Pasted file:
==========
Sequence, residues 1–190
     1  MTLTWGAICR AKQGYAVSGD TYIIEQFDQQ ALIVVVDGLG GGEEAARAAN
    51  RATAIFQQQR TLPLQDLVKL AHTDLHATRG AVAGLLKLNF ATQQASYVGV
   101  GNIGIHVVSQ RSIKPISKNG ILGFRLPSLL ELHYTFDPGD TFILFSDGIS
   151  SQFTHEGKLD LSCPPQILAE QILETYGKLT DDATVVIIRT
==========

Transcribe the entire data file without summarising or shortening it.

Sequence, residues 1–190
     1  MTLTWGAICR AKQGYAVSGD TYIIEQFDQQ ALIVVVDGLG GGEEAARAAN
    51  RATAIFQQQR TLPLQDLVKL AHTDLHATRG AVAGLLKLNF ATQQASYVGV
   101  GNIGIHVVSQ RSIKPISKNG ILGFRLPSLL ELHYTFDPGD TFILFSDGIS
   151  SQFTHEGKLD LSCPPQILAE QILETYGKLT DDATVVIIRT